Jump to ContentJump to Main Navigation
Creating Silicon Valley in EuropePublic Policy Towards New Technology Industries$
Users without a subscription are not able to see the full content.

Steven Casper

Print publication date: 2007

Print ISBN-13: 9780199269525

Published to Oxford Scholarship Online: September 2007

DOI: 10.1093/acprof:oso/9780199269525.001.0001

Show Summary Details
Page of

PRINTED FROM OXFORD SCHOLARSHIP ONLINE (oxford.universitypressscholarship.com). (c) Copyright Oxford University Press, 2021. All Rights Reserved. An individual user may print out a PDF of a single chapter of a monograph in OSO for personal use. date: 29 July 2021



(p.1) 1 Introduction
Creating Silicon Valley in Europe

Steven Casper (Contributor Webpage)

Oxford University Press

How easily can governments alter the industrial structure of economies? This introductory chapter explores competing perspectives on the ability of governments to promote competitiveness within new technology industries, such as biotechnology and software. A first approach, widely shared by governments, is that policy can orchestrate the allocation of resources into new technology sectors needed to promote competitiveness. A second approach, widely endorsed by recent academic research, is that enduring national institutional frameworks strongly impact the governance of new technology firms. A popular strand of institutional research known as the “varieties of capitalism” approach makes particularly strong claims linking institutions to innovation. According to this perspective, most European economies have “organized” institutional frameworks that impede competitiveness in new technology industries. This chapter explores this debate, and sets the agenda used by the book to evaluate the extent to which institutional frameworks impact the ability of governments to promote competitiveness within new technology industries.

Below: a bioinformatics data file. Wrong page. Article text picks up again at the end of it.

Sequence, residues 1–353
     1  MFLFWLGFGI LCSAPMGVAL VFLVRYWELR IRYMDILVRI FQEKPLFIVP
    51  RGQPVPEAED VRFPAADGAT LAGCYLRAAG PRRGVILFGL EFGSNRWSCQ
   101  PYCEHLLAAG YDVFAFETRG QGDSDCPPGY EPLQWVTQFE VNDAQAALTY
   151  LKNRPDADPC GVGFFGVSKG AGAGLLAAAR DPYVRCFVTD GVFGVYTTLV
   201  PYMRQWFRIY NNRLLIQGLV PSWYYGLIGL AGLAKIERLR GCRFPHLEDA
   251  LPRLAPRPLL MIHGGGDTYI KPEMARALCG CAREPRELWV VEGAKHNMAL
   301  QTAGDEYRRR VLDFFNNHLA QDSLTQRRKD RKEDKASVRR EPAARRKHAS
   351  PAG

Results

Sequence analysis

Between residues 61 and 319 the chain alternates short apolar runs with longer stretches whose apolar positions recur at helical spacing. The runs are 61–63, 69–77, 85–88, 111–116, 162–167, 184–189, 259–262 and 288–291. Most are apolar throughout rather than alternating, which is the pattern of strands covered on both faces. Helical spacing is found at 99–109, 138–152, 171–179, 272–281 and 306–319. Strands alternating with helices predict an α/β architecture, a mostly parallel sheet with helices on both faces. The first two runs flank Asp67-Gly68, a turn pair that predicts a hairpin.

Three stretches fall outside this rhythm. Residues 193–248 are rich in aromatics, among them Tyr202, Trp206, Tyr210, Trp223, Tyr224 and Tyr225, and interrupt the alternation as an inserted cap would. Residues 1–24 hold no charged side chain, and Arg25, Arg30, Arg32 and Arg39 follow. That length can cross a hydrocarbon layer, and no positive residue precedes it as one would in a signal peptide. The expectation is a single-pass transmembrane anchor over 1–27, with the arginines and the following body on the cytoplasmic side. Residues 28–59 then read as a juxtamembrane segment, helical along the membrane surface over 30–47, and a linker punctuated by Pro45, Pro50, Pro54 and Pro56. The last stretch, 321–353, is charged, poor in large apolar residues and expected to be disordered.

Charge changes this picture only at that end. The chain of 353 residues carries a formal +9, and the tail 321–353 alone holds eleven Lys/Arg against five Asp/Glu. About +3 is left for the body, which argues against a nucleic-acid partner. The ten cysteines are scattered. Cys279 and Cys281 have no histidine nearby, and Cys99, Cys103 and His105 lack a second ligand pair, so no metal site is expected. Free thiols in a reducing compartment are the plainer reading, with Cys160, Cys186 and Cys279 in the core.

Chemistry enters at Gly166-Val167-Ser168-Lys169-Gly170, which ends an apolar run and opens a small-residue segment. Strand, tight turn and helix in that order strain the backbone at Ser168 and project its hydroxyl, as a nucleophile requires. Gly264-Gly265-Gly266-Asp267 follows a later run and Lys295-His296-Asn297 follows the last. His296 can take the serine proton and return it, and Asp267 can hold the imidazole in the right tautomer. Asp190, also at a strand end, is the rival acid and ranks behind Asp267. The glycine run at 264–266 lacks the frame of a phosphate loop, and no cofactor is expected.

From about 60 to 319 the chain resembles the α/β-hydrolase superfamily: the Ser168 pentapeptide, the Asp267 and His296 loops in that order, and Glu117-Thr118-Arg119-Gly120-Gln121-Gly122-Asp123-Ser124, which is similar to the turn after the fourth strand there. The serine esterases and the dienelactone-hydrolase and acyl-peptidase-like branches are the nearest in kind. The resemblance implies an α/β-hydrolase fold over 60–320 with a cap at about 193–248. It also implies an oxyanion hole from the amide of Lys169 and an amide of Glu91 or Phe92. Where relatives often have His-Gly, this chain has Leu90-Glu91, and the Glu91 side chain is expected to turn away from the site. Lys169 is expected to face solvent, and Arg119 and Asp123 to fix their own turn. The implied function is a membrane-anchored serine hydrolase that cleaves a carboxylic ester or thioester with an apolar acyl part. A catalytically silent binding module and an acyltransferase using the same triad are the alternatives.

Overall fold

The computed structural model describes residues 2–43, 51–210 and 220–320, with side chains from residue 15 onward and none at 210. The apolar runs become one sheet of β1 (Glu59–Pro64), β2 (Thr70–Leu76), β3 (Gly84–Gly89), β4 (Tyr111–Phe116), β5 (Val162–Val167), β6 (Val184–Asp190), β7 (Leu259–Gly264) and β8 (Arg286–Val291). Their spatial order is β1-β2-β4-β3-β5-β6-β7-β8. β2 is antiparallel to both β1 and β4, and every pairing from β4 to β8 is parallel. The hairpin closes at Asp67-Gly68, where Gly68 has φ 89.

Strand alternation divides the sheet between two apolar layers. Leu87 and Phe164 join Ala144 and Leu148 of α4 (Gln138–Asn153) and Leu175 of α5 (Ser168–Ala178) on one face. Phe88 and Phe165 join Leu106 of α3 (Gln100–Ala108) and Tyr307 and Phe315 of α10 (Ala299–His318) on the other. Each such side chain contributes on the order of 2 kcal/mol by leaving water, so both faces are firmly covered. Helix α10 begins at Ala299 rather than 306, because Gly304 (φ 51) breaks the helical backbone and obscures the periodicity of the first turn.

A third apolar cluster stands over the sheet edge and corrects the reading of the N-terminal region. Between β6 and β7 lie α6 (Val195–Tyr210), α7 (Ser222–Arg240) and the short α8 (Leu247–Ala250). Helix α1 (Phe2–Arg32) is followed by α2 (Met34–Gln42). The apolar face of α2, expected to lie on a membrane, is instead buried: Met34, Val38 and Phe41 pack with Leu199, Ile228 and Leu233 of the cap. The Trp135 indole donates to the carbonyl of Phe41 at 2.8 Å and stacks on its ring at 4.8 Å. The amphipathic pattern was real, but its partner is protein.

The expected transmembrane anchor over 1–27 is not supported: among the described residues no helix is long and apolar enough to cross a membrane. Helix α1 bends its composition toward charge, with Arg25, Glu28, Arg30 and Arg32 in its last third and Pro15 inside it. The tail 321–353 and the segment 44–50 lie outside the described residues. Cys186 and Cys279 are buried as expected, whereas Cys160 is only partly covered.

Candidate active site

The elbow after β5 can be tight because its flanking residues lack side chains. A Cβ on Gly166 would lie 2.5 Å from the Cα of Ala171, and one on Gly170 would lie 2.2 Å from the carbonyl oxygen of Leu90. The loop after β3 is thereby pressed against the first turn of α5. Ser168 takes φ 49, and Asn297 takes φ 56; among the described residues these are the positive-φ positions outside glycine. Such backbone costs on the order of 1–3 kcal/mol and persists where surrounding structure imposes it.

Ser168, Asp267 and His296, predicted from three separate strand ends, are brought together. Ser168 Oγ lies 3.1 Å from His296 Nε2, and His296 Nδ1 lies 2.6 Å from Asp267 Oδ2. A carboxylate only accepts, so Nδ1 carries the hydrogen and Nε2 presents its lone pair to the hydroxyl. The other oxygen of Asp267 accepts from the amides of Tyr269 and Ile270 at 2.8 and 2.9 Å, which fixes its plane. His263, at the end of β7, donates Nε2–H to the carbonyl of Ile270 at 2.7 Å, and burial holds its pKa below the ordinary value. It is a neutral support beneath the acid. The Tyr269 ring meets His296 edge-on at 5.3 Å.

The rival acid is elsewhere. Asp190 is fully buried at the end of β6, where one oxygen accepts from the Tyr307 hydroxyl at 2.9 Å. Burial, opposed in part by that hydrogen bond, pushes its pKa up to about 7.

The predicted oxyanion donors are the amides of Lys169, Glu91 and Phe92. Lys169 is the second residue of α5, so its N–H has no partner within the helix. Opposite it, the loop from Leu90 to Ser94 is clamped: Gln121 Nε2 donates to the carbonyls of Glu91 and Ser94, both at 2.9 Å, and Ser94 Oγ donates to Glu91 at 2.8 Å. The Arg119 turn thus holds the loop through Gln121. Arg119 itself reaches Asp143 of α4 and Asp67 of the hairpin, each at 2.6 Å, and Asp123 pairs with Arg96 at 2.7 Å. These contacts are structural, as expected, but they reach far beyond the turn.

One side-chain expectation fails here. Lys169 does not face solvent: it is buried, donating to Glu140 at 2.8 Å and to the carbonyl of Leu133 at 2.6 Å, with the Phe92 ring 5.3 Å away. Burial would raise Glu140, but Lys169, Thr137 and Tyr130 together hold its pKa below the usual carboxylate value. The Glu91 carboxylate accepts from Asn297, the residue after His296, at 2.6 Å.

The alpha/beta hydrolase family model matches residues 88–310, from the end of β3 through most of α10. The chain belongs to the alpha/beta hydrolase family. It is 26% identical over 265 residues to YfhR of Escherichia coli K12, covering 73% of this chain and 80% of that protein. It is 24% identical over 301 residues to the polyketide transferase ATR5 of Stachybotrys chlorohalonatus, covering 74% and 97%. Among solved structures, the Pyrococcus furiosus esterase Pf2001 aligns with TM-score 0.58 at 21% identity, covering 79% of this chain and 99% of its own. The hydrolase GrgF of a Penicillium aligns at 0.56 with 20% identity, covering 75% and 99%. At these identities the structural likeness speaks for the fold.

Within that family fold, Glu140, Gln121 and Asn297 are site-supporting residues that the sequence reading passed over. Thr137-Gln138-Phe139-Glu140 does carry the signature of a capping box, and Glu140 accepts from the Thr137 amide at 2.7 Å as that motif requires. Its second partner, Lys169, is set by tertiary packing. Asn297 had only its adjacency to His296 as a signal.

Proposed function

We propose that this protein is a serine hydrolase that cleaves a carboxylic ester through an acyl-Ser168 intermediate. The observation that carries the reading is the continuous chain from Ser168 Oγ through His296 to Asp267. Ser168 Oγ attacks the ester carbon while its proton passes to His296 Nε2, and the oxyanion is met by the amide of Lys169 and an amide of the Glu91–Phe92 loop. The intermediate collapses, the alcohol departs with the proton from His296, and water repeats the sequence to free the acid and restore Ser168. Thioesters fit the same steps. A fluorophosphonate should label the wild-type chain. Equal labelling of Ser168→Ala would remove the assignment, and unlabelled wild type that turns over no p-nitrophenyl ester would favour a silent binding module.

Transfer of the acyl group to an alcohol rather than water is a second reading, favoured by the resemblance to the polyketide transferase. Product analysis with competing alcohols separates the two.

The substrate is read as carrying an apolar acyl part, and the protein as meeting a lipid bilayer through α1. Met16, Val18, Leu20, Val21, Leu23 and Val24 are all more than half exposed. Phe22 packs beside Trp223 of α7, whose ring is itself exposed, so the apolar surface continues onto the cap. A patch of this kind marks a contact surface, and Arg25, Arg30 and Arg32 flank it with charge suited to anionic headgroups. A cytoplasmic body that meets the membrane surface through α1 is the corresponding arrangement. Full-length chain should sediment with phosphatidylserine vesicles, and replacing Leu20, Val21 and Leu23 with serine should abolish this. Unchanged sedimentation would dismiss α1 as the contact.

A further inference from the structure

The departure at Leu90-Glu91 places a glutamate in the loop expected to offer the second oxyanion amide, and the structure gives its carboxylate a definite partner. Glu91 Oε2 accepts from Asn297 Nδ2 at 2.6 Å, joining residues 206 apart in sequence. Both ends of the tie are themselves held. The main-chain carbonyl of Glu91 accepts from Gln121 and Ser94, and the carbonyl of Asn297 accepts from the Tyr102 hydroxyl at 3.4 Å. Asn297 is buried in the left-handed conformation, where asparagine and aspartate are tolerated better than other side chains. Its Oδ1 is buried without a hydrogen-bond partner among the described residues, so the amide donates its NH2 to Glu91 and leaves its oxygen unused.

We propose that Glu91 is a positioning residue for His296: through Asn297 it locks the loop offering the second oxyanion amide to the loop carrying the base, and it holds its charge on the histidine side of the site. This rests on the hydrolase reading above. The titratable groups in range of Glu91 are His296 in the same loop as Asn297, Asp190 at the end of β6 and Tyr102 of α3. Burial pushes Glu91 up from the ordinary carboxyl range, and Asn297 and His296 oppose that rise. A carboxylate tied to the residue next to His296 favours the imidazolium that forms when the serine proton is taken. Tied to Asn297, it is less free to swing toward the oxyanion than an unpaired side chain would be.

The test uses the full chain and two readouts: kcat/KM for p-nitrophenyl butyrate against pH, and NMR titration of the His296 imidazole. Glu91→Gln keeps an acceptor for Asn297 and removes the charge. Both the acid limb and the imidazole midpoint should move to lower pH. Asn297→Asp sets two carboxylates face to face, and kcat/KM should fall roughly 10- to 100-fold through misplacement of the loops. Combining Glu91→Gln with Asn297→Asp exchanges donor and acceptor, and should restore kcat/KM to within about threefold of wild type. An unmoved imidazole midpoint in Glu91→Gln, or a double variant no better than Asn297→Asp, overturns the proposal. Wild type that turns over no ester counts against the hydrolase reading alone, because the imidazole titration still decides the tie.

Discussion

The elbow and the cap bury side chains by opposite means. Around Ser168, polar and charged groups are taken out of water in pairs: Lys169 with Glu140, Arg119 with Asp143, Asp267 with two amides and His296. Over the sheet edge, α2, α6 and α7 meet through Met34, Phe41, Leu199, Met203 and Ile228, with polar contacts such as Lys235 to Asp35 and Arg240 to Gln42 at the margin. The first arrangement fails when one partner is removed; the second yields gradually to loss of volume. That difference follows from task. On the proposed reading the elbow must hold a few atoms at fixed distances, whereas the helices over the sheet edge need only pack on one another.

Keywords:   varieties of capitalism, innovation, national competitiveness, public policy, technology policy, new technology industries

Oxford Scholarship Online requires a subscription or purchase to access the full text of books within the service. Public users can however freely search the site and view the abstracts and keywords for each book and chapter.

Please, subscribe or login to access full text content.

If you think you should have access to this title, please contact your librarian.

To troubleshoot, please check our FAQs , and if you can't find the answer there, please contact us .